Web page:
We have observed, however, "that not every action by one member of the armed services against another implicates military decision making, relates to the military mission, or is incident to service." Lutz, 944 F.2d at 1484. In Lutz, we found Feres immunity inapplicable where a retired Air Force major filed a Bivens action against three subordinates who allegedly broke into her office, removed personal property from her desk which indicated that she was involved in a lesbian relationship with her civilian secretary and disseminated copies of those documents to various Air Force personnel. Id. at 1479. As an alleged result of the defendants' actions, Lutz's superiors took a number of actions against her that destroyed her military career and forced her to resign.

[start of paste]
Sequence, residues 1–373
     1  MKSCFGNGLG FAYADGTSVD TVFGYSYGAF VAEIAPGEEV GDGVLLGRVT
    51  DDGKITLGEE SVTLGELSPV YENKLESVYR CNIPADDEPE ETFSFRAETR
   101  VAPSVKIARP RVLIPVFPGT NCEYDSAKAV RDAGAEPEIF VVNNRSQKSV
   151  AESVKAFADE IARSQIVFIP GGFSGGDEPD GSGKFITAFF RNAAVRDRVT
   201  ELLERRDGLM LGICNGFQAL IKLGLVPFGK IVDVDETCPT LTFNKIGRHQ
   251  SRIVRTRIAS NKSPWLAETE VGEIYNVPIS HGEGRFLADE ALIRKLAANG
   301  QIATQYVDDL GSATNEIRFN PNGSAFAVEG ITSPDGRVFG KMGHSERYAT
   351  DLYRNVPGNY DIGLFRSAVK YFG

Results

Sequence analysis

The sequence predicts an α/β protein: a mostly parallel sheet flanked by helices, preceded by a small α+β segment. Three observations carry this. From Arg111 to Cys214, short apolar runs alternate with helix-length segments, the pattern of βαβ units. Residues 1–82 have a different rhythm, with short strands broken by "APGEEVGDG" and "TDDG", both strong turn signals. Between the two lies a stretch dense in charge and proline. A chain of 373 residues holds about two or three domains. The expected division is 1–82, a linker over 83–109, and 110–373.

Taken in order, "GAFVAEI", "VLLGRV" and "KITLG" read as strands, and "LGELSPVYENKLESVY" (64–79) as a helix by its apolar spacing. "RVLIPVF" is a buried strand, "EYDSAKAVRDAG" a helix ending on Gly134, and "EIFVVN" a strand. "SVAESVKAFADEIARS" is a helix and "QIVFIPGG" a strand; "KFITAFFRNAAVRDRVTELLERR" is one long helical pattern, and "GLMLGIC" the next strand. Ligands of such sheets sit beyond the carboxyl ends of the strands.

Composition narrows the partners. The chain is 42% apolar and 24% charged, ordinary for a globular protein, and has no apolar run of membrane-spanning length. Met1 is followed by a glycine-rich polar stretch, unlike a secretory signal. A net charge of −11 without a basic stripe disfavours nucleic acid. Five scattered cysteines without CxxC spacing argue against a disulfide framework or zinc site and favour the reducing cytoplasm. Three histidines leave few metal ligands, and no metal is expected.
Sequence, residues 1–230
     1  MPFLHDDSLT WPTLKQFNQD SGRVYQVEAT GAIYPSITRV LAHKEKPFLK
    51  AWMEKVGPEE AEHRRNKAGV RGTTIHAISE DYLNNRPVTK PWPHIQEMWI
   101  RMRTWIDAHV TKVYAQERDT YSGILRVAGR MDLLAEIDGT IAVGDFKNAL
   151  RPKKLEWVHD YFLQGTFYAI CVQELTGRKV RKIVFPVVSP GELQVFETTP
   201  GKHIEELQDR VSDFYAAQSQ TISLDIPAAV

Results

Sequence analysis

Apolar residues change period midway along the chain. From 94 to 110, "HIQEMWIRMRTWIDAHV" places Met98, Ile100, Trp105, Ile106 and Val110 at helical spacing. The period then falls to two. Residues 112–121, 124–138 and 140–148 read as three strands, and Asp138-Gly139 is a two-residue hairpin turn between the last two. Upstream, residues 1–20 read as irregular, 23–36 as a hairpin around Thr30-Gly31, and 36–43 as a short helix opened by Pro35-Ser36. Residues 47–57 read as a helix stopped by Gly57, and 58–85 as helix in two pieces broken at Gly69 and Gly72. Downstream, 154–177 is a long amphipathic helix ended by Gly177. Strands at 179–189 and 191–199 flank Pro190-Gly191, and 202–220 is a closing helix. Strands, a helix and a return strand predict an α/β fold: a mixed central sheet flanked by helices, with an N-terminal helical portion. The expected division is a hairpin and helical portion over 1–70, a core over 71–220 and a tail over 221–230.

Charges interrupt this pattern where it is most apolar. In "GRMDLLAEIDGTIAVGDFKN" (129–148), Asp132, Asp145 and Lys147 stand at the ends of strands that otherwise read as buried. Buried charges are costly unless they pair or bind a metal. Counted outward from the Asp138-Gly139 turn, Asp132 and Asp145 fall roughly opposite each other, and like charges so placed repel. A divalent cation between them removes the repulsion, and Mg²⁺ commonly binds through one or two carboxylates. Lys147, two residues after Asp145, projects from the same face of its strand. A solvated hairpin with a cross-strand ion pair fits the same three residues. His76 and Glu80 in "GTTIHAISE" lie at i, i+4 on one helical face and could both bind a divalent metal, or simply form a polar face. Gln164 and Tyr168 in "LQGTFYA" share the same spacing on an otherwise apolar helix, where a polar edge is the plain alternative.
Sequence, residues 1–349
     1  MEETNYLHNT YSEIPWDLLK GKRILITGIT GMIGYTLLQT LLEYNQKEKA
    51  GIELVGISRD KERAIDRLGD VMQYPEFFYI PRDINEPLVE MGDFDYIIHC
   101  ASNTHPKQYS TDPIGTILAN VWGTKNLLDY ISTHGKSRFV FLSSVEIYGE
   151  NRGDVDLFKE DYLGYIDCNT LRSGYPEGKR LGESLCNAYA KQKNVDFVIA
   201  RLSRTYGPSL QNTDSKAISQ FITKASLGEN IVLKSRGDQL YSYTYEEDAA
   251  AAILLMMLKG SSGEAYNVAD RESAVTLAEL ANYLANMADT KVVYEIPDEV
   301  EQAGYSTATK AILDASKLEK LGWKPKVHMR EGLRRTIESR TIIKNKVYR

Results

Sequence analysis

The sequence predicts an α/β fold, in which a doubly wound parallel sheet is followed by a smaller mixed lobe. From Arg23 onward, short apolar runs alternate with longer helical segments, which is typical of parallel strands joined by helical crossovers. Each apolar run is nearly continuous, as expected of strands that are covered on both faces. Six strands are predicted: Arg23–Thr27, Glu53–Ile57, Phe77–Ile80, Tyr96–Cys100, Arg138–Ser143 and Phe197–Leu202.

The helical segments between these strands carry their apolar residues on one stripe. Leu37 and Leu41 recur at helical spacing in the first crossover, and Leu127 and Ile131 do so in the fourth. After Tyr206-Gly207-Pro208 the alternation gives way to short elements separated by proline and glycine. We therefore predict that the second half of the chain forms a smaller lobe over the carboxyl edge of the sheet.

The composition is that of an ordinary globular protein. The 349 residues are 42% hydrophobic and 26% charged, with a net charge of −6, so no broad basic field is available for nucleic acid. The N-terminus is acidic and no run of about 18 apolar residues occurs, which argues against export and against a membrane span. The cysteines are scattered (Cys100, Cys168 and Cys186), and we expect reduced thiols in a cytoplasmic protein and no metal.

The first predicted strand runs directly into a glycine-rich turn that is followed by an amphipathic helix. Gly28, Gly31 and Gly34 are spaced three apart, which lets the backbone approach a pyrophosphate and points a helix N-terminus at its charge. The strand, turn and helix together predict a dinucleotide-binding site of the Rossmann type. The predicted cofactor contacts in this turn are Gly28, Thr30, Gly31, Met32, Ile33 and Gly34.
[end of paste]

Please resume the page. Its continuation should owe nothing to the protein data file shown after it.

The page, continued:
The Lutz defendants argued that Feres should apply because they were active-status members of the military, that the relevant events took place on a military base, and that they were under a duty to report violations of Air Force regulations to appropriate Air Force officials. We rejected the first two arguments on the ground that neither of these circumstances, in and of themselves, is determinative of what is "incident to military service." See id. at 1485-86 & nn. 10-11. As for the third, we acknowledged that the defendants might be immunized for making colorable reports of violations to their superiors, but found it " ' [in]conceivable that this duty required defendants to remove personal documents from their commander's desk after working hours and distribute them to other Air Force personnel.' " Id. at 1486 (quoting district court order).